One of the most important legal documents that someone can make is a will. However, in order to be able to make one, it must be determined that everyone who is involved with creating it has full mental capacity. Sometimes the capacity of individuals is brought into question when they are elderly and appear to be making decisions and choices to their will that appear to be strange and out of character.
This may include doing things like removing key members of their family from a will, even though they would be fully entitled to inherit the estate under intestacy rules. Please visit this link to have a better understanding of Testamentary Capacity in Estate Planning and all the other details you may need.
Disinheriting key family members
While the act of being disinherited is only something that ever seems to happen in the movies or in novels, it is something that does happen in real life but is not as straightforward as it may appear. This is because there are legislation and legal rules in place that mean that anyone who was being supported financially prior to death is legally entitled to receive a certain level of reasonable provision in the will. For instance then, if a spouse had been the main breadwinner within the household, they would be obliged to a certain amount of the estate in the event of their partner’s death.
The purpose of having a will in place is for an individual to be able to make their own decisions about what happens in the future, after their death to their estate. Anyone that has a genuine reason as to why they do not want it being passed onto a close member of their family and are not financially supporting them, is well within their right to disinherit them. In order to make this happen though, the will would need to be amended so that it can stand up to any legal challenges that would likely be made.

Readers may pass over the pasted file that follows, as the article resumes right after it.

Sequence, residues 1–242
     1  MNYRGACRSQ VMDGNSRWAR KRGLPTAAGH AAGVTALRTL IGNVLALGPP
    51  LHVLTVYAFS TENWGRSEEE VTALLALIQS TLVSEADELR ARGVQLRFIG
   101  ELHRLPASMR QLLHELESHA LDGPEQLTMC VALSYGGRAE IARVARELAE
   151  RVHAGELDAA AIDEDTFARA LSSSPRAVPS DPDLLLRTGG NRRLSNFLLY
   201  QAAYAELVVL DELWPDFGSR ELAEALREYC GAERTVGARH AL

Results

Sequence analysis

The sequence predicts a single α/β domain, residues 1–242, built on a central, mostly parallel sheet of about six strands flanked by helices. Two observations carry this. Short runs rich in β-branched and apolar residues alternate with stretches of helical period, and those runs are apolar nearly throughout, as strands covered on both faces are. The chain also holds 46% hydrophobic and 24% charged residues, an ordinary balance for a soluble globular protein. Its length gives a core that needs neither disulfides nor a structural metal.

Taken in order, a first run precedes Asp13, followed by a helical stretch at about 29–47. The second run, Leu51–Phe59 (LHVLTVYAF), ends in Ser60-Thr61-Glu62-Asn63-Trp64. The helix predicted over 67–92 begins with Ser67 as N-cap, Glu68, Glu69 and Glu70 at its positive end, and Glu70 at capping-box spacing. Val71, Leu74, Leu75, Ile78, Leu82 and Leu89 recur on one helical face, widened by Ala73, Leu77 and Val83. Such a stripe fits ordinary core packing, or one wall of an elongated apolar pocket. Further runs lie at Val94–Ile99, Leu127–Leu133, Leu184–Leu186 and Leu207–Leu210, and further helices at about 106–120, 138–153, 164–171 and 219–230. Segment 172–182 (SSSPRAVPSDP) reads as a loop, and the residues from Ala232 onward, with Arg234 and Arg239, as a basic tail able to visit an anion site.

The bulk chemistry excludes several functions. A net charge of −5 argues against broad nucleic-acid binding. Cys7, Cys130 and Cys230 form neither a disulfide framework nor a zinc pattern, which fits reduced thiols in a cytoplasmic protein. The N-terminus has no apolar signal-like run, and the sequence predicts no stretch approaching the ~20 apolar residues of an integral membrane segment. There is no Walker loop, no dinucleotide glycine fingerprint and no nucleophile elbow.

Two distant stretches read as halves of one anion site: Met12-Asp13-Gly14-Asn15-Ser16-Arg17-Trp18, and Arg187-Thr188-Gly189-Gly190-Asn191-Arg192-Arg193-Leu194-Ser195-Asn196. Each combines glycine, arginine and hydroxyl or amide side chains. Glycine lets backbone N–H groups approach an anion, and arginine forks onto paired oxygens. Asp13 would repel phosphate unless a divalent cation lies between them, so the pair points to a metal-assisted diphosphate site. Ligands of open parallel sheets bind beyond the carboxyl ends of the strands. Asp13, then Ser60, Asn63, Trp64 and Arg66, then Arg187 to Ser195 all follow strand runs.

Disputing a will after being disinherited
Unfortunately, it is quite often the case that family members become embroiled in disagreements after the death of a loved one, whether that be a parent or a sibling. This is more likely to be the case where a family member or member has been left out of the will. Anyone left out of a will is more than within their right to pursue it if they believe that they have a right to some of the estate.
It may also be the case that someone who has been left out of a will questions the mental capacity of the person who produced it at the time of writing. They can argue that the individual was:
Not of the correct mind at the point of writing the will, thus taking the decision to leave someone out who they typically would not. It may be argued that the reason they were left out of the will was false or simply not fair. It may have happened as a result of a lack of mental capacity or poor mental health.
Influenced unreasonably by someone else in order to have them left out of the will. This is called fraudulent calumny and happens when an individual turns the person writing the will against another person so that they will financially benefit.